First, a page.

The renewed prohibition of alcohol sales with immediate effect has resulted in the South African alcohol industry having no choice but to apply for a deferment of the payment of over R5 billion in excise duties for July and August 2020.
The total excise due for July is estimated to be R2 514 366 945. For August, the estimated excise would be R2 585 935 368. Total Excise Payments Due to SARS over these two months is R5 100 302 313.
The South African liquor industry spokesperson, Sibani Mngadi, explained that alcohol excise tax is imposed at the point of production. “This means that our industry have a liability to pay excise tax on end products that are in warehouses, and cannot be sold as a result of the prohibition of sales with immediate effect announced last Sunday,” said Mngadi
The industry and its entire value chain are facing an enormous financial crisis, and its capacity to make these payments is severely constrained. The sustainability of the sector, now and in the post-Covid-19 era, is dependent on this deferment if job losses are to be avoided.
The industry will play an invaluable role in helping SA’s economy recover post-Covid-19. Currently, it supports more than 35 000 township-based businesses (such as taverns), more than 10 000 off-site consumption retailers, and more than 22 500 labour-intensive firms (such as restaurants, hotels, wine estates).
“However, the government’s nationwide ban on the sale of alcohol has far-reaching repercussions. A more targeted and nuanced approach is required, and the industry has appealed to the government to enter into discussions on reasonable and viable alternatives,” Mngadi added.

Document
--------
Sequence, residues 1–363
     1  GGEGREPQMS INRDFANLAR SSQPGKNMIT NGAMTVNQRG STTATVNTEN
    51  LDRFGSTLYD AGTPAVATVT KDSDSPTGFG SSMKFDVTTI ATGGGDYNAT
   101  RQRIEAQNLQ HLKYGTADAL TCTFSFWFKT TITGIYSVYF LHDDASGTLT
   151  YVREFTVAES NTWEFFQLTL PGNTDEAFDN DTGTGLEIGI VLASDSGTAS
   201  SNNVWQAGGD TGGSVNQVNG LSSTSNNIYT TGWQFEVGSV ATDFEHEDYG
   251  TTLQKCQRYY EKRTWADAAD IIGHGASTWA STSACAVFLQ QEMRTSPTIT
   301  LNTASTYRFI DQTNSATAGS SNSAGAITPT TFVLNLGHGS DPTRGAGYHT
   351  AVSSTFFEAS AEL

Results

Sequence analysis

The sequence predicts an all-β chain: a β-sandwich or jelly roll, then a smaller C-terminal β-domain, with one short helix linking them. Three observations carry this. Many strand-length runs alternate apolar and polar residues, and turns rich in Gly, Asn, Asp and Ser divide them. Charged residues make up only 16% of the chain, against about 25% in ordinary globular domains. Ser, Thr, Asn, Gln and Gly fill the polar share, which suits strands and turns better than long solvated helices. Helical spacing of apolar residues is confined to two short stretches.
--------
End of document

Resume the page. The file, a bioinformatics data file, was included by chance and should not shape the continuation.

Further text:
The industry shares with the government its concerns regarding the increase in Covid-19 infections and will continue to support efforts to curb this unprecedented health emergency. We reiterate our commitment to partner with the government to create a social compact that drives behavioural change regarding the use and consumption of alcohol.
We will continue to offer our unanimous support in making our assets available to government in fighting this pandemic together.
The South African alcohol industry includes but is not limited to the National Liquor Traders Council, South African Liquor Brandowners Association (SALBA), the Beer Association of South Africa (BASA), Vinpro, the National Liquor Traders Council, and manufacturers.
Issued by FTI Consulting on behalf of the Liquor Industry. For interviews, or further information, please contact: email@example.com